For the past three years -- ever since the last Flipper tour ended and the band went bust -- DePace has worked as production coordinator at Warner Bros. Animation. His projects include the Saturday morning cartoon staples Animaniacs and Pinky & the Brain.

In Flipper's heyday, its snaggletoothed fish logo showed up a lot on San Francisco building walls, along with the unofficial band slogan: "Flipper Rules, OK?" And while DePace can't say for sure whether there was actually Flipper graffiti on the Great Wall of China -- two people have told him as much -- it's certainly true that Ted Falconi tried to claim an entire Mission District street for the band. In 1981, he printed a mass of stickers with the letter F on them and proceeded to go up and down Clipper Street, covering up the C's on the signs, making the road Flipper Street. It took the city about six months to get around to scraping all the stickers off.

The band's live shows -- nationally and at now-defunct local spaces like the Stone, I-Beam, and Deaf Club -- featured room-clearing 45-minute versions of "Sex Bomb," confrontations with the audience, and a highly vocal hatred of late promoter Bill Graham. During one interview at KUSF, Shatter announced that Flipper had a gig at Wolfgang's, a Graham-owned Embarcadero club. He claimed that the group planned to burn the venue down after the show. The concert was canceled.

"Flipper shows were really a phenomenon around the whole country," says DePace. "There were a lot of people who didn't particularly like our music, or would at least say that, but you know what? They were at every show. And if we played somewhere two nights in a row, they were at both shows. And then they were bitching about how they hated us. But they were there."

Bruce Lose gets all the good lines during the interview portion of Live: 1983. The person asking questions is Ruth Schwartz, then a local punk scenester and KUSF DJ. Later that year she founded Mordam Records, the large punk music distributor and label she still runs today. Schwartz hates the video interview, and it's easy to see why; forced to talk to a band with a confrontational rep, she stumbles through her questions and gets cut off more often than not. In fact, she didn't want the video to be released. ("I told her she looks cute in it," says Dog Patch owner Gary X Indiana. "And she does.")

Throughout the interview, Lose seizes on every available opportunity to crack a good joke:

Schwartz: Do you guys consider yourself to be a part of what spawned you into what you would call the punk scene?

Lose: We're into spawning, but I don't know what about punk.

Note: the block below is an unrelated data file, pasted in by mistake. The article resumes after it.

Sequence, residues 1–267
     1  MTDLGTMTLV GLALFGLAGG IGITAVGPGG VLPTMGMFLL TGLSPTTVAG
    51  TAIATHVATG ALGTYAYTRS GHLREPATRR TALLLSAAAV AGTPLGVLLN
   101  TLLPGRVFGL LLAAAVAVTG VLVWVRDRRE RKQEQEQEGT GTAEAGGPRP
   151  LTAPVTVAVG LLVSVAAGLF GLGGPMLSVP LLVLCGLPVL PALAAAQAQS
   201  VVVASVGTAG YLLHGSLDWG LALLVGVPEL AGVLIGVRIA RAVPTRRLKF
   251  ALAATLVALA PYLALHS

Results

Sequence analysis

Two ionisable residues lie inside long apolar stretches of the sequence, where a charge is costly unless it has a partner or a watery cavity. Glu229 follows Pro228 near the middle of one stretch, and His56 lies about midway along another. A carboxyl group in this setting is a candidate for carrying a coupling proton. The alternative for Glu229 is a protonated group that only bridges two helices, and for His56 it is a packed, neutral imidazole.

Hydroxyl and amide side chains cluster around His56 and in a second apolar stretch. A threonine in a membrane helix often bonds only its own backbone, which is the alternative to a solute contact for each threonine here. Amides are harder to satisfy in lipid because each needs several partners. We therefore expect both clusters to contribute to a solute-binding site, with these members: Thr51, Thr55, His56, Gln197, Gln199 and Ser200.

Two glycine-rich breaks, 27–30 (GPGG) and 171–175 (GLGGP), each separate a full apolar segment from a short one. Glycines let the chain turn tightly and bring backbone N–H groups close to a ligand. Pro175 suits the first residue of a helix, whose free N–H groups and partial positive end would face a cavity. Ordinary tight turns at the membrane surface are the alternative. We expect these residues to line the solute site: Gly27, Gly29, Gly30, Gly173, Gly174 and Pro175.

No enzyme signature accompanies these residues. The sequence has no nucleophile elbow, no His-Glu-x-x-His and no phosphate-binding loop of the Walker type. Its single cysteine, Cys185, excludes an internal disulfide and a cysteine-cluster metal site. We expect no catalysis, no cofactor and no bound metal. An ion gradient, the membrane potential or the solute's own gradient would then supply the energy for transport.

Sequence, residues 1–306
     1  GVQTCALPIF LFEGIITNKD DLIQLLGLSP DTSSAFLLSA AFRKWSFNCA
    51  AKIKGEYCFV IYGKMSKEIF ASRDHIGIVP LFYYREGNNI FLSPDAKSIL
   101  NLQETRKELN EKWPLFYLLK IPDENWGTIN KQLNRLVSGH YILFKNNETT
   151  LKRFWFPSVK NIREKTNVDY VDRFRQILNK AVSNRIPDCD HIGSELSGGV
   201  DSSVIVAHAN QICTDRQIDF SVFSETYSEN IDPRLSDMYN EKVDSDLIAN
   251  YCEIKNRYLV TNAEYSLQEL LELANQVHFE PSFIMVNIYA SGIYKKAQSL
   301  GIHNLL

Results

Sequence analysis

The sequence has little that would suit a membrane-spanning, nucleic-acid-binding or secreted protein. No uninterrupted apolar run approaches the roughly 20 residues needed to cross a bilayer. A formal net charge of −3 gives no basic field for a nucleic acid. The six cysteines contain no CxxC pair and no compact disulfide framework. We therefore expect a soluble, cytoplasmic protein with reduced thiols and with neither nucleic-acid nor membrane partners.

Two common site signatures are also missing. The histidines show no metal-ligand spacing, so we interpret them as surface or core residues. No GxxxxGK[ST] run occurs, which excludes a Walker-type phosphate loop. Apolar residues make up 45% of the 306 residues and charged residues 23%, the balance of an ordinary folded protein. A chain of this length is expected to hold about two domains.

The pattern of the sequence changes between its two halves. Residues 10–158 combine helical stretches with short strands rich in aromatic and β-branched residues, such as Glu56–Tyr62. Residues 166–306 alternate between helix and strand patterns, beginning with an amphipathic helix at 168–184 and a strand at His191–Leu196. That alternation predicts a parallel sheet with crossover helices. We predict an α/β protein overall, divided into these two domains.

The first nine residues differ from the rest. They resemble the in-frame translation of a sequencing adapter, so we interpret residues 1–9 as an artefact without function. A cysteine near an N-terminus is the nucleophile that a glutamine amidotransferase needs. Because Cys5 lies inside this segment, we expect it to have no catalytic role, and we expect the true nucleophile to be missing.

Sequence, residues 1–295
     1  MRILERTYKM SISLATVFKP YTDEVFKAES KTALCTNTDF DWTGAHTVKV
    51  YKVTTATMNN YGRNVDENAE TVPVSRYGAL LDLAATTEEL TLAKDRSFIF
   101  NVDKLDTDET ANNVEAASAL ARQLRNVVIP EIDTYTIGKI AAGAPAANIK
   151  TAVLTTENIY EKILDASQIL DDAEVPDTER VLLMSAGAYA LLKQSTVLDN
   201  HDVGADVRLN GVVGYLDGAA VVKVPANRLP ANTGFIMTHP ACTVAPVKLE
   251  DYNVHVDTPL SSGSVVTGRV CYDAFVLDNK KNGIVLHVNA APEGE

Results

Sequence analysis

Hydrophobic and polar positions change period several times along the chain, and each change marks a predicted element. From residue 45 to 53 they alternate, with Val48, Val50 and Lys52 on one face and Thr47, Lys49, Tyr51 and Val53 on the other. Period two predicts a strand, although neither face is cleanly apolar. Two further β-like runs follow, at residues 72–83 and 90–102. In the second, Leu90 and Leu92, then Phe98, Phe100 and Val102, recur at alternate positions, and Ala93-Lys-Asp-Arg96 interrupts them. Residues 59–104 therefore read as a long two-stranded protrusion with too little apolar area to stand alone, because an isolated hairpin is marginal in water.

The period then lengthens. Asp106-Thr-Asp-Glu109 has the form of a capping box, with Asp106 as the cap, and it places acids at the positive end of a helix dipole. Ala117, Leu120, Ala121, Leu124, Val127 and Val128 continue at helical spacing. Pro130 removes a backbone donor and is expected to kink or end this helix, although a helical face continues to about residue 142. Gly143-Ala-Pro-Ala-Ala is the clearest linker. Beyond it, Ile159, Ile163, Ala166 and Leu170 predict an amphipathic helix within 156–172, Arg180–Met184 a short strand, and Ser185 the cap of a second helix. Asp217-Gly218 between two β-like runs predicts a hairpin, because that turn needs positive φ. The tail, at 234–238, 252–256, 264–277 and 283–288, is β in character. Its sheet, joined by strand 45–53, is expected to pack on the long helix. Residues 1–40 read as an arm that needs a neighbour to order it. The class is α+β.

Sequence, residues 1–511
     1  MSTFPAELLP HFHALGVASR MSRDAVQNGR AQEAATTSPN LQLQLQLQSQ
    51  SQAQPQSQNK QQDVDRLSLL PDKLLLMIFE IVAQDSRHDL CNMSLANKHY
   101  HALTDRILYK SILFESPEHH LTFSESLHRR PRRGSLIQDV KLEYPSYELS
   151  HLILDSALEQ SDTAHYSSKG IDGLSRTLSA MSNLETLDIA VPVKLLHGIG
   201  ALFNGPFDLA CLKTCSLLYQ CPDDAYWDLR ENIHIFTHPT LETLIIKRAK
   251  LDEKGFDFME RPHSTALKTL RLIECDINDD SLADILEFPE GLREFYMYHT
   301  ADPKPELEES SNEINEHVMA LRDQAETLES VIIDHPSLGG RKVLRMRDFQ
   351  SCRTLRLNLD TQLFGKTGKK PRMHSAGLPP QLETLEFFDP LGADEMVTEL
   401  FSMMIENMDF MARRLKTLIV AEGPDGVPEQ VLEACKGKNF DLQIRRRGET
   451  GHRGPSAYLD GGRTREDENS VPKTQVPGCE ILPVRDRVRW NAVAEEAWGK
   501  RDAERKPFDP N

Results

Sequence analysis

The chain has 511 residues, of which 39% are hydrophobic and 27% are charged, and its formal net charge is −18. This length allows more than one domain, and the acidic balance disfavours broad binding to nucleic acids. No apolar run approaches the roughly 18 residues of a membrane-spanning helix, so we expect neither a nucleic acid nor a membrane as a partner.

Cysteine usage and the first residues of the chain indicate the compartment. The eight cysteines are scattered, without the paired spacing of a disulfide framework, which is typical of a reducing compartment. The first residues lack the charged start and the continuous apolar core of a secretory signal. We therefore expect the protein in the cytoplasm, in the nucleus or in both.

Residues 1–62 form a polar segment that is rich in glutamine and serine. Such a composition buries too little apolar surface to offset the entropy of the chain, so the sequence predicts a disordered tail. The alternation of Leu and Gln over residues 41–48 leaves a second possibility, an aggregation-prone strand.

Currently, Lose is living in Oakland, recovering from a drug addiction and from a car accident in 1993 that seriously injured his spine, limited his ability to perform live, and essentially ended the band. (A brief attempt by the remaining members to continue playing in Los Angeles failed.) Lose is on medications, in therapy for depression, and trying to get his life in order. "I'm clean, but I never feel like I'm clean," he says.

Nevertheless, Lose criticizes America's drug policy. "Drugs are not a bad thing," he says. "It's a bad thing when they're illegal." He expresses his appreciation of Cobain's Flipper T-shirt, cherishes the letter he received once from a fan who said "Life" stopped him from committing suicide, ponders putting together a new band, and still dreams about his old one.

And he hates Steve DePace.
Lose hadn't heard about DePace's book in progress; he'd been planning one of his own, which would cover both the band's history and the legacy it left. He says that during the Grafishy tour, DePace told Flipper's label, Def American, not to give any money to Lose or Dougherty because they were junkies.

"I'm pissed about that," he says. "I'm real pissed about that. And I hope his book sucks."

DePace vehemently denies telling the label not to give money to Lose and Dougherty, and American Records -- as Def American's now named -- recalls nothing of the sort.

"He is a very paranoid individual," says DePace. "I gave them a very hard time for being fucked up. I rode them. Do I give them credit for all their talents? Absolutely. Bruce was a great singer. Ted was a brilliant guitar player. But did they make life miserable? Yes, they did."

Nobody's quite sure where Ted Falconi is. Lose's ex-wife, Meri St. Mary, saw him at a show her band, the Housecoat Project, played a year ago at the Paradise Lounge, and Steve Tupper says he ran into Falconi recently at the Aquatic Park in Berkeley.

"There were a lot of people who were close to Flipper, and a lot of them didn't make it," says Mary. "It was a very destructive time -- these guys could ruin a wet dream. They fought all the time, they were all on different drugs, and they were all so brilliant.

"After Will died, I think they should've just hung it up.

About The Author

Mark Athitakis